The Helinox chair is rated to 145kg. The Outrak is rated to 100kg. I’m not sure if the discomfort I feel with the Outrak chair is a result of the design elements chosen for this weight range. I suspect the rating is more in line with the material choices rather than the structural design of the chair. In saying that a lighter person from 50kg to 100kg would find the Outrak an acceptable chair and one that would probably last quite a while.


Cost is often one of the major decision points in any gear purchase. Some people prefer to buy the cheapest equipment and reason that the rest of us are paying too much money. It’s quite funny really some people will spend $20 – 30K on a motorcycle but refuse to spend $149.90 on a chair.

The Helinox One is on the higher end of the camp chair price point, while the Outrak is in the middle of the range. There are cheaper chairs available, a couple of friends bought $25.00 Aldi branded chairs for a trip up to Cape York. They had no complaints about those chairs and easily lasted the distance. The chairs are currently listed at the following prices:

Helinox One – $149.90 *(direct from Helinox)

Outrak – $69.00


My pick of chair is the Helinox One, it is well designed and manufactured. From what I can gather it will last the distance. It has a five year warrantee, which is a good indication that the company stands by its design and manufacturing processes. The chair suits me because of my weight and height, but also because I think the sitting position is slightly better for me.

The Outrak camp chairs are good chairs, if you are within that 100kg range and want a mid priced chair. If I was a lighter person I would probably have been content with my Outrak chair. But having invested in a Helinox One chair, I’m really happy I made that decision.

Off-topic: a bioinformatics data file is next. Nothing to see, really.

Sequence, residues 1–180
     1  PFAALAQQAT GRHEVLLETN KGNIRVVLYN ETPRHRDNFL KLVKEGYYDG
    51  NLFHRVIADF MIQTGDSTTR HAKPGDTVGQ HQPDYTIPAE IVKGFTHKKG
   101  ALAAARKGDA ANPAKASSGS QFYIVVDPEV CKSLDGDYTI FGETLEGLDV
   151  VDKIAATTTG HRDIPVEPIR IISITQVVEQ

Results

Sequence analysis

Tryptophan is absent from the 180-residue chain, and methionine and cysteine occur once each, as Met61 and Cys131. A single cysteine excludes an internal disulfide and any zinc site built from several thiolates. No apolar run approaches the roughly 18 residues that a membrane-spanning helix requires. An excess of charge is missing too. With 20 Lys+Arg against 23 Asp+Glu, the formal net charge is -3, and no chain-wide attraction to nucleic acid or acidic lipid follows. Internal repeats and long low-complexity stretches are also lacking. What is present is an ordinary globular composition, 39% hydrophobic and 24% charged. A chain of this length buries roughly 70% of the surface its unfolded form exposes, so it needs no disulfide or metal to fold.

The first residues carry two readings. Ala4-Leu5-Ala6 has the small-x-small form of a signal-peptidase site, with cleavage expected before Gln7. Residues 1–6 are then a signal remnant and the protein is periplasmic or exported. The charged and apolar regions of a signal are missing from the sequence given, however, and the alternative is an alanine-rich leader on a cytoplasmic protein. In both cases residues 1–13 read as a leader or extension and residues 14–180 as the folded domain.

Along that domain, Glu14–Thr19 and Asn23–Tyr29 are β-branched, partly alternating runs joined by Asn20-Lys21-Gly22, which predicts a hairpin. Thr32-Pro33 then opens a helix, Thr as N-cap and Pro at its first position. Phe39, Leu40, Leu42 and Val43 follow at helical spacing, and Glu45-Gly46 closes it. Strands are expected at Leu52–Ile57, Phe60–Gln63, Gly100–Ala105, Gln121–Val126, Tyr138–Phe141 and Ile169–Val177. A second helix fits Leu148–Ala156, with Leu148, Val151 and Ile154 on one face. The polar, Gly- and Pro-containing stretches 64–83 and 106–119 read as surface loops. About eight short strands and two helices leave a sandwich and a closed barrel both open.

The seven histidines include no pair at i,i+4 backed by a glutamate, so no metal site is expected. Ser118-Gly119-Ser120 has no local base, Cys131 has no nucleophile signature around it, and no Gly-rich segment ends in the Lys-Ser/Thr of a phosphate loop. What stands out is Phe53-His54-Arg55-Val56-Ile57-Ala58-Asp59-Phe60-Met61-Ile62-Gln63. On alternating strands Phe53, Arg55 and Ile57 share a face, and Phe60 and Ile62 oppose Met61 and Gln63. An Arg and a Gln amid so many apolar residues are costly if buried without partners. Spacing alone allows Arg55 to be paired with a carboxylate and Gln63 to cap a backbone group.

I also have an Helinox Cot and a small collapsible table. They are all made with the same attention to detail and careful manufacturing techniques.

Purchase options

I have affiliate links with Amazon, so if you purchase through these links I will get a small commission that does not go on your price. It pays to check the site often as prices can change and specials come up.

Helinox One

Other options

There are other cheaper camp chairs such as the one below that may do the job for you if you’re not interested in the price of these two. Click on the link below:

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Gary is a travel writer, educator, training specialist and part time adventurer. When not paddling rivers, diving on the Great Barrier Reef or riding down some dusty outback track on his trusted KLR650 "Emu" he likes to explore historical areas and look for the back story.